The following discussion paper from the LRTA should be of interest for those who want the return of the interurban to Chilliwack. Just substitute interurban for tram-train.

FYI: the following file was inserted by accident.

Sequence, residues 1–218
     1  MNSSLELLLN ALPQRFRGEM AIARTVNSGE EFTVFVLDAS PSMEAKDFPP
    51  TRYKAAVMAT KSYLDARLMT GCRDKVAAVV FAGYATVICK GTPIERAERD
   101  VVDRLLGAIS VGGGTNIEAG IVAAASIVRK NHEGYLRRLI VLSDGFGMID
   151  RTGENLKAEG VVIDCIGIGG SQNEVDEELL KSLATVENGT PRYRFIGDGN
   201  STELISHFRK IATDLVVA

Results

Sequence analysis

A programme on BBC 1 giving a nostalgic look at the former local railway route from York to Beverley (1) interviewed locals along the former route to see if they wanted it put back. It brought out many strong viewpoints, some for and some against. Unfortunately the line closed at a difficult period when British Rail was approximately midway through its policy change to diesel power. Those unfortunate enough to own a house on the former route realised that if pressure to put the line back gained momentum, their house could be in the way. As a whole, it highlighted the many problems that could be encountered with a successful YES campaign. For reasons, not very clear to the general public, the difficulties of introducing the tram-train concept in this country are thought to be fairly substantial but made more so because of our reluctance to look at the successes in Europe. The York to Beverley route with tram-train technology should be a resounding success because existing systems in Europe have already proved its better performance than what went before it and also an ability to circumnavigate obstacles on the former track bed as well as going to pick-up points nearer passenger demand. Added to all this is its sharper acceleration and improved braking power which would probably remove a need for railway type signalling and the expense that goes with it. Much of this is already practised on Metrolink in Manchester. Lower operating costs could increase frequency and with it an improved passenger demand. The tram-train power requirements would be electrification at tramway voltage at each end of the route with an on-board diesel engine being used on the middle section. This would ensure “clean” operation as it passed through the streets of York and also suitable for an extension as a tram into Hull city centre. At this stage of the Discussion Document, a brief look at Germany’s better known tram-train projects could be very helpful. The main-line electric railway services into Saarbrucken Station (Hbf) had a similar problem to Leeds in that a passenger had a short walk to reach the shopping centre. Saarbrucken did something about it and provided a tram-train service over railway tracks at railway voltage to a convenient point where it could branch off as a tram at tramway voltage and pass through the streets of the CBD. It was such a success that at peak periods it was necessary to couple two three unit articulated units together. Leeds had a similar proposal but could not satisfy Central Government requirements. Karlsruhe did something very similar some years earlier but on a much larger scale and its success can be judged by the high passenger demand for extensions.